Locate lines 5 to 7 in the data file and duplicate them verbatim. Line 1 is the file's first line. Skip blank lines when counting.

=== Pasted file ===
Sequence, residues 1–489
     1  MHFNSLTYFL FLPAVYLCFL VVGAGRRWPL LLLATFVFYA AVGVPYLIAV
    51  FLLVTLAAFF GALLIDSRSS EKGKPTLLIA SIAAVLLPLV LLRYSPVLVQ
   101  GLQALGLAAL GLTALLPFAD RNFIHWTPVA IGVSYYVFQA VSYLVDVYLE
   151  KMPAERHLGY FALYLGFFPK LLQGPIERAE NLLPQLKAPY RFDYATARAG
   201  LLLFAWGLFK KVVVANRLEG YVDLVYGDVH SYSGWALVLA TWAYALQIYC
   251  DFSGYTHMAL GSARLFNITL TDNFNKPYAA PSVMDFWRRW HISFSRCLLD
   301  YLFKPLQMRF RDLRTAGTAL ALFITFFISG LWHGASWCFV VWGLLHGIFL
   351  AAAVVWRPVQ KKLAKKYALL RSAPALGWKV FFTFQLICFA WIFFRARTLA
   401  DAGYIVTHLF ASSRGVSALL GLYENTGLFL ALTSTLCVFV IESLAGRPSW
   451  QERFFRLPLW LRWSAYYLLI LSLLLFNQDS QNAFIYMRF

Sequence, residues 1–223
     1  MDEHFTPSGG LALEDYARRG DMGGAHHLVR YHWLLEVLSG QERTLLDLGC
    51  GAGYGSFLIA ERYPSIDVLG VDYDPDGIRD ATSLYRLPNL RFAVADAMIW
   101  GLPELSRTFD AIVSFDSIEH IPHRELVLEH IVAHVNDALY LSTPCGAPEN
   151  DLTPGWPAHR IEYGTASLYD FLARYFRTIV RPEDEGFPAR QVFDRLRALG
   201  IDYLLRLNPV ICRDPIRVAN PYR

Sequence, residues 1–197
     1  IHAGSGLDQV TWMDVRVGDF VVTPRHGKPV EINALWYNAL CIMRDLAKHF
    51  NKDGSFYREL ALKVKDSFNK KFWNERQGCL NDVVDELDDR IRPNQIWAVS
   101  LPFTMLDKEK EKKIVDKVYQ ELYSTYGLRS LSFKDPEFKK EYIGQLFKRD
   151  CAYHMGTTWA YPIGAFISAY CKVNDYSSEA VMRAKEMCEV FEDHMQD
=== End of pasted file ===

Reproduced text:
   151  KMPAERHLGY FALYLGFFPK LLQGPIERAE NLLPQLKAPY RFDYATARAG
   201  LLLFAWGLFK KVVVANRLEG YVDLVYGDVH SYSGWALVLA TWAYALQIYC
   251  DFSGYTHMAL GSARLFNITL TDNFNKPYAA PSVMDFWRRW HISFSRCLLD